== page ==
USDA recently updated its webpage on Trichinella, and this provides a nice reference on the topic. I thought it would be good to post this as well as an op-ed column in the NY Times on Trichinella in free range pigs (2009). In the 1930s, there were hundreds of cases per year that were reported (although it was not a reportable illness in many states). An estimate made from autopsies indicated that the level in the US population may have been as high as 12% (ref below). In the past decade, there have only been a handful of cases, mostly related to wild game, specifically bear. Much of this is due to industry practices and veterinary inspections. While there are some that refuted the NY Times piece based upon the lack of Trichinella cases related to free range pigs, in theory, it seems that if pigs are allowed to free range, there is potentially a higher risk of these pigs encountering this parasite (through the eating on infected rats or the feces of infected animals.)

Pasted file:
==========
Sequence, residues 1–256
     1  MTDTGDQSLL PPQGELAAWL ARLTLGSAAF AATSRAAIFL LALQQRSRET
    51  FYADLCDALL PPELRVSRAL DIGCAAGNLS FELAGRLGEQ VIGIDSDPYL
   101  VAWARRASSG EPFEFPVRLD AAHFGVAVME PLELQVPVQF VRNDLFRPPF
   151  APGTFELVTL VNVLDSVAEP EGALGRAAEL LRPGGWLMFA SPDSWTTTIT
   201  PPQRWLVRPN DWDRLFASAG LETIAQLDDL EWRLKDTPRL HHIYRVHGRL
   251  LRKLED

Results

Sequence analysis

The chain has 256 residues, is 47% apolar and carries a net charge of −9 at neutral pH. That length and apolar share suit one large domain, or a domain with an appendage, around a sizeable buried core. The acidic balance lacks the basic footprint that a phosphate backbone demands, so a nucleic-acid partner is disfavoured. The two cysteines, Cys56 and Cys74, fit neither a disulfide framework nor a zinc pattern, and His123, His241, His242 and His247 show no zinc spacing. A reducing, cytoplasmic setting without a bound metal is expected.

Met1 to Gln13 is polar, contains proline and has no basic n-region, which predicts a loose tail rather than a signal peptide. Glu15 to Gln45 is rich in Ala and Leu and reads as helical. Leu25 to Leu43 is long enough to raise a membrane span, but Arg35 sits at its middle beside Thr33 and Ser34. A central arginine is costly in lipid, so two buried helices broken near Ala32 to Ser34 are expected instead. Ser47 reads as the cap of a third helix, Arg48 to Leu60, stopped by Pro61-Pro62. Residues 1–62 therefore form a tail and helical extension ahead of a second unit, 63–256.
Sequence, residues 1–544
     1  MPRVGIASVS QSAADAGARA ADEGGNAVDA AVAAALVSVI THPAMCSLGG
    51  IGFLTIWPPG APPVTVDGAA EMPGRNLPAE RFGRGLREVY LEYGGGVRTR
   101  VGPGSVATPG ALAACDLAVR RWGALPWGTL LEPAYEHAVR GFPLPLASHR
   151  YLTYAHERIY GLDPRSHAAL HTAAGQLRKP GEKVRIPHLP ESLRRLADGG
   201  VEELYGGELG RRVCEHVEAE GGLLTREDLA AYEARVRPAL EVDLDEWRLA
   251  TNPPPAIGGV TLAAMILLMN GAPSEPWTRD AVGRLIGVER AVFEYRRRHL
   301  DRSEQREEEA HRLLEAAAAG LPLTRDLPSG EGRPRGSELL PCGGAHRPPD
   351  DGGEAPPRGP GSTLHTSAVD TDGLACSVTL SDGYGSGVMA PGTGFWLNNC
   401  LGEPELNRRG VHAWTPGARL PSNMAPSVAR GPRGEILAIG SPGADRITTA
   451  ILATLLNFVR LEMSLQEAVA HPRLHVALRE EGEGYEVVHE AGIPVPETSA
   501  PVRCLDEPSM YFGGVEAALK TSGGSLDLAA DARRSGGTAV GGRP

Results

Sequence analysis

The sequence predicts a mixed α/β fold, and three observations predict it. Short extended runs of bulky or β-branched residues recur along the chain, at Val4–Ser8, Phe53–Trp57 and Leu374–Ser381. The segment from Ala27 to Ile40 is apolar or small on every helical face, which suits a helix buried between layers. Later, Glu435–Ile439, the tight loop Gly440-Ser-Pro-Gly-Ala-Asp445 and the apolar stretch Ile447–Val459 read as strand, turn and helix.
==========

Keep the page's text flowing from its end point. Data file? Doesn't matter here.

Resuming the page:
While the mortality rate is low, symptoms of trichinosis can range from mild to severe.
“Nausea, diarrhea, vomiting, fatigue, fever, and abdominal discomfort are the first symptoms of trichinosis. Headaches, fevers, chills, cough, eye swelling, aching joints and muscle pains, itchy skin, diarrhea, or constipation follow the first symptoms. If the infection is heavy, patients may experience difficulty coordinating movements, and have heart and breathing problems. In severe cases, death can occur. The acute phase occurs after the mature warm lays eggs in the small intestine and these eggs hatch into larvae which enter the bloodstream and travel to muscle tissue within the body, such as the diaphragm. There they become encysted.
USDA’s review of Trichinella
A Focus on Trichinella -- Updated Version
A primer on trichinosis from CDC
A 1938 survey of trichinosis in the US
2009 NY Times Op-Ed on free range pigs and Trichinella